I'm also starting to realise that I made some mistakes choosing a secondary school, based on things that probably make teachers miserable and take time away from them offering their best in the classroom and having time and emotional energy to care about individual students. Damn

TheSnowFairy Sun 03-Jan-16 11:13:07

Lego club?

KittyandTeal Sun 03-Jan-16 11:17:54

Construction club using different materials each week (might be tricky at secondary as you don't have blocks/Lego etc on hand)

Homework club? As in a room open with a few snacks and drinks and a quiet soace for them to do a bit of homework and free up time after school?

AnotherNewt Sun 03-Jan-16 11:23:27

"This board really is making me feel more and more sorry for teachers - forced to run a club in what is unpaid time?"

This is an independent school, and it's been the norm for ages that teachers participate in the life of the school like this.

OP: have you made a decision? If not, some other suggestions: Doctor Who club (buy the old series on DVD, watch, discuss), Agnostics Anonymous, Pyrotecnics, Creative Writing, (particular theme) Book Club, Origami. If space, beekeeping or poultry keeping.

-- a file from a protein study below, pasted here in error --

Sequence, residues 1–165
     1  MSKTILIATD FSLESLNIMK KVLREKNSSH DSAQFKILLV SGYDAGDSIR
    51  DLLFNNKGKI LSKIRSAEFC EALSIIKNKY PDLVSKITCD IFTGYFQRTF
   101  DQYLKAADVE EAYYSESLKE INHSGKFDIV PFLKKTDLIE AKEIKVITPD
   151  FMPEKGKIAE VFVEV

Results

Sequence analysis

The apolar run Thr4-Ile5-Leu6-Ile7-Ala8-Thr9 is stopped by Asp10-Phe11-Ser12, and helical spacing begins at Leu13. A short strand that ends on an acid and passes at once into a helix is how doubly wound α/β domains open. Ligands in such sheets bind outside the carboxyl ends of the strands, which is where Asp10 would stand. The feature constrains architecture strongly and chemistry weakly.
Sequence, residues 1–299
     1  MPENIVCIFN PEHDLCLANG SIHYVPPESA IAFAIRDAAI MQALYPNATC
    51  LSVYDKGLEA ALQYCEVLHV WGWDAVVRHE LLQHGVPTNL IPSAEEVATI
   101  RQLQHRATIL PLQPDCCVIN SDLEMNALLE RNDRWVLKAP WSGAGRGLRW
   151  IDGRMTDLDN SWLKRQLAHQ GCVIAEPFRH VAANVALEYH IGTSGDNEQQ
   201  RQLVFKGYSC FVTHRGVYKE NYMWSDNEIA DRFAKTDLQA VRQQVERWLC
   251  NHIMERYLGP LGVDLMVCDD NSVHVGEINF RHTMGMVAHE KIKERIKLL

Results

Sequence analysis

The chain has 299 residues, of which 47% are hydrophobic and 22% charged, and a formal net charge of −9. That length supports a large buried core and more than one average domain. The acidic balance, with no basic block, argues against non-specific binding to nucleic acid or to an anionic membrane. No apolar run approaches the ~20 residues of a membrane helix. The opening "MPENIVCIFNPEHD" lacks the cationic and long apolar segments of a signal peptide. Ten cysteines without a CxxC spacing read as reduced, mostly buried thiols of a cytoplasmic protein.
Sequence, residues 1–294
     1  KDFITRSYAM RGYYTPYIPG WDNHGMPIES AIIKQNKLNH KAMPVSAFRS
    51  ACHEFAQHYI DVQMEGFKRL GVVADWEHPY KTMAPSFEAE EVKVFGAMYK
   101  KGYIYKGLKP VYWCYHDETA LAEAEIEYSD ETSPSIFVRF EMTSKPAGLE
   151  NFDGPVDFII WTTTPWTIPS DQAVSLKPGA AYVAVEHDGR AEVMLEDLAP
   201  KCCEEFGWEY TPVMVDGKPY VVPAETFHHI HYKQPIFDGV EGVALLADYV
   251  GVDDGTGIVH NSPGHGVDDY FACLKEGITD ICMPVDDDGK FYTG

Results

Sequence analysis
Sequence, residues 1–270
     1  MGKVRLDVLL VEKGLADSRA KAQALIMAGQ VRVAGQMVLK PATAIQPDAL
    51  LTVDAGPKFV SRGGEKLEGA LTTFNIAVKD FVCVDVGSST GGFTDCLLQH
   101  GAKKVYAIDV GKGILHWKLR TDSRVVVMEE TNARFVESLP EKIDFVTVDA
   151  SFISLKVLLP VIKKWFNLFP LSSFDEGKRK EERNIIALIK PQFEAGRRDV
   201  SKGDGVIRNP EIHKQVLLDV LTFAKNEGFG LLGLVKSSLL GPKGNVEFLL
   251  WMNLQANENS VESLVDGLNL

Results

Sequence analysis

teacherwith2kids Sun 03-Jan-16 11:29:32

"This is an independent school, and it's been the norm for ages that teachers participate in the life of the school like this."

It is also now the norm in most state schools, IME. In the schools I have taught in, all teachers, and a few TAs, run a club every week, sometimes at lunchtime but more commonly after school.

hollieberrie Sun 03-Jan-16 11:42:35

Cooking club? I ran one for KS2 (i teach EYFS) as we all had to do a club too. I am not a particularly skilled chef! But it was fun. We made something easy the first week and i asked the children what they would like us to make over the term. We made a list, i bought the ingredients each week and claimed back. We mainly cooked fun things like sausage rolls, muffins, pasties, cup cakes etc - they were very keen on icing and decorating.

turdfairynomore Sun 03-Jan-16 11:44:53

And then there is me... I organise the running of the clubs so need to coordinate outside providers and staff (including me!). It's not easy-and there's always a "why is there no club for ...." Or "its all for the sporty\arty kids" etc! Yet every time I have asked for a parent volunteer-no responses. It takes huge chunks of time to do the phonecalls and the actual allocation of places takes me in to the wee hours to ensure that it is fair and that everyone gets into something. Once that's all typed matter how long I leave it.... there are the latecomers... Then the ones who change their mind...and the ones who don't want in unless their friends get in etc etc!! Aaargh!!!